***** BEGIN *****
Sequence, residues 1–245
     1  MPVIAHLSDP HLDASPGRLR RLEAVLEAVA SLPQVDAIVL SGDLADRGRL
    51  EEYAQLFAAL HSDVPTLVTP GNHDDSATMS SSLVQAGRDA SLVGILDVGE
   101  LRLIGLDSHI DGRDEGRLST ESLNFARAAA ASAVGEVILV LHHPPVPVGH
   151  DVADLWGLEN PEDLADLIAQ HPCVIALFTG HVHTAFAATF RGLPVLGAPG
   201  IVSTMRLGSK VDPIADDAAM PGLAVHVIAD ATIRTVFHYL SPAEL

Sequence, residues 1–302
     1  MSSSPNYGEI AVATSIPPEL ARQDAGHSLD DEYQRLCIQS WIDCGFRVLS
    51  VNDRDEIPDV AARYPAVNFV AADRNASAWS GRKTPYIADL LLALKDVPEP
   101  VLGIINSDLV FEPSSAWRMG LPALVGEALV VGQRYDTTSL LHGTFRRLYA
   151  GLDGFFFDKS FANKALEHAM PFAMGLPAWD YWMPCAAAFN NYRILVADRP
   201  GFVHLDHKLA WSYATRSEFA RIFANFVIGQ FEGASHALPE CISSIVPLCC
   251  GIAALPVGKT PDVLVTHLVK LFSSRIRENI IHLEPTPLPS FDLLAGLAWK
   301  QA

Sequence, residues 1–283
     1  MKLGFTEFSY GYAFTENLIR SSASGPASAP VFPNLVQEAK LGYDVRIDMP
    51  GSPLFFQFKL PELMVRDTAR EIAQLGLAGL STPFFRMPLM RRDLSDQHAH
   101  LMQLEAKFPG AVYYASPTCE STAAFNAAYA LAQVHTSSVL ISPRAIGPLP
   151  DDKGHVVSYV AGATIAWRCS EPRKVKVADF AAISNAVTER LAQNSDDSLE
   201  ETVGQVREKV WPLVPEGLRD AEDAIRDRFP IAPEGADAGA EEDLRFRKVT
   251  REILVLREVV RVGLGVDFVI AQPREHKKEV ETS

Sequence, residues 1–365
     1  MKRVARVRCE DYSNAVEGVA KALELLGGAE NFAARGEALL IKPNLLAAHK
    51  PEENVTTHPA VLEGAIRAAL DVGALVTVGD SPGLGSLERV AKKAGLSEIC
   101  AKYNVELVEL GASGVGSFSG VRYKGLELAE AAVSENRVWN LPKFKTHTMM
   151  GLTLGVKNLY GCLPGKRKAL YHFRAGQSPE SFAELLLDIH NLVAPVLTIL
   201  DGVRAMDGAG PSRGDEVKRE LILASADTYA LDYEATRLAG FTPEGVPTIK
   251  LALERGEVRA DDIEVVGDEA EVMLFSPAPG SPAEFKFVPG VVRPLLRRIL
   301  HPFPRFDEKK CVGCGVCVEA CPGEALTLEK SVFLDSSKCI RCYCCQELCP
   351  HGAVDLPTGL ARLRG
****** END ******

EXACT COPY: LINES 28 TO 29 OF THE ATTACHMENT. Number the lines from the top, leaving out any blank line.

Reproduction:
   251  LALERGEVRA DDIEVVGDEA EVMLFSPAPG SPAEFKFVPG VVRPLLRRIL
   301  HPFPRFDEKK CVGCGVCVEA CPGEALTLEK SVFLDSSKCI RCYCCQELCP